Indeed it is GDP per head that matters to individuals, government on the other hand just want tax revenueS, that they usually waste. Growth should have been far better technology and manufacturing improvements have been astounding. More free world trade has given advantages too, but these have largely been offset and squandered by excessive and inefficient governments and over taxation, a parasitic litigation culture, over regulation, barmy religious expensive energy policy, dreadfully run public services, poor schools, payments to encourage the feckless to remain so, mad employment laws, over taxation and over complex taxation and other government inspired distortions to the market.

    Why would sensible people save much in the UK when the systems nearly always tells then not to bother. They cannot even beat inflation, in a bank account after tax and have 40% stolen of them on death or to pay for care.

    The UK had finally a tiny amount of growth despite the best efforts of Cameron and Osborne certainly not because of it. It is at least 20% behind where is should have been with a sensible government and some vision.

    We need fewer civil servants, fewer lawyers, fewer tax accountants, fewer HR legal advisers, fewer health and safely excesses, fewer civil servants, lower taxes and more people doing actual and productive things and less suffocating EU. Everyone sensible knows this but we have Cameron alas.

  3. Andyvan
    July 27, 2013

    It’s not a puzzle to me that GDP figures don’t make sense. They are so ridiculous that of government steals more money from productive people then borrows more and pays people not to work that counts as growth. If it starts a war and spends billions on death machines that’s growth. If it employed 10000 people with borrowed money , had them dig holes and employed another 10000 to fill them in that’s growth. Add to that the enormous manipulation of statistics that every government engages in to try and hide their criminal incompetence I am amazed that anyone puts any time in to even reading these figures. Go and do someone useful, put a tenner on the 2.30 at Kempton Park, wash the car, polish the dog, anything but bother with statistics.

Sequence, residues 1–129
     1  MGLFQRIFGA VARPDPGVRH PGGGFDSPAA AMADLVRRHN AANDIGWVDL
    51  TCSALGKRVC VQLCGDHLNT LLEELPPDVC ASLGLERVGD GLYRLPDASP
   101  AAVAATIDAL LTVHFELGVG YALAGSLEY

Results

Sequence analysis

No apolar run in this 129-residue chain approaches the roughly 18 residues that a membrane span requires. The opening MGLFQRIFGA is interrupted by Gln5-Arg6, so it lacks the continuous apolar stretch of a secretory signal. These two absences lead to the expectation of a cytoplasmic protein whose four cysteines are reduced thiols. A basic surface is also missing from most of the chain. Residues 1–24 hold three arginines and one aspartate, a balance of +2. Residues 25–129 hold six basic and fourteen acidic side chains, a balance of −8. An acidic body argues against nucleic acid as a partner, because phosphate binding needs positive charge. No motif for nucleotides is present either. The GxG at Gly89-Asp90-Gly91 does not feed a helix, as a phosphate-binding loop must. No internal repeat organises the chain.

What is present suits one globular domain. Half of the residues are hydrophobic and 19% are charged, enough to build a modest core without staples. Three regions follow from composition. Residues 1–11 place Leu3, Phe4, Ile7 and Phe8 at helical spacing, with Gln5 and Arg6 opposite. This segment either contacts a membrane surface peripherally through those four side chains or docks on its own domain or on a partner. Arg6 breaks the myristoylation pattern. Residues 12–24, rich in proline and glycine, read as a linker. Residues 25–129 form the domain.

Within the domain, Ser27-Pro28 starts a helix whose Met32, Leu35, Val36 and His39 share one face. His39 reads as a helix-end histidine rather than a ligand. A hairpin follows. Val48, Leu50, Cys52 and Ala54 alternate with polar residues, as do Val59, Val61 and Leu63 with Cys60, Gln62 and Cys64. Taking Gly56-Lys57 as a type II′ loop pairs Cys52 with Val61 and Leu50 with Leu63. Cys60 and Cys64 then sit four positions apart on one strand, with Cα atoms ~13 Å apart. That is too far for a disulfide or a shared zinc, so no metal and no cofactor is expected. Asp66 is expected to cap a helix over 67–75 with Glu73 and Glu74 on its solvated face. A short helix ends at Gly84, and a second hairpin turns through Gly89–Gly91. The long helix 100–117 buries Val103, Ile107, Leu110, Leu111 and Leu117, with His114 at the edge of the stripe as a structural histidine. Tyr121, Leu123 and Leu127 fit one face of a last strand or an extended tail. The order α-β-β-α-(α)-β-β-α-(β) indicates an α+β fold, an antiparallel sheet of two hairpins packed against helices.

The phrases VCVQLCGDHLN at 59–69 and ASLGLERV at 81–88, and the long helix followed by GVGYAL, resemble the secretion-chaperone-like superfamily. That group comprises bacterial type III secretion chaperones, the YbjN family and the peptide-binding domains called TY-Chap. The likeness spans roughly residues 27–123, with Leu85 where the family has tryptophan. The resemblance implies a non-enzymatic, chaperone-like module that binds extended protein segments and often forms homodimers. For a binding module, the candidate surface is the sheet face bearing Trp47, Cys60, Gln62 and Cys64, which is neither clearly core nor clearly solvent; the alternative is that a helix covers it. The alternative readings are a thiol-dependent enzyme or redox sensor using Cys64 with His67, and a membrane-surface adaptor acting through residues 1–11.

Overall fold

1. Leslie Singleton
      July 27, 2013

      Andy–Don’t forget the classic example of the Pharaoh who had all his people spend all their time building pyramids. Was Egypt’s GDP massive or, more like, nil? According to John, and one gathers he is not alone (“convention” comes in to it, I think he said), whether the endeavour is useful or not is irrelevant. According to me, especially with all the big decisions being made on the basis of tiny changes in this inadequate and misleading measure, it has no credible content.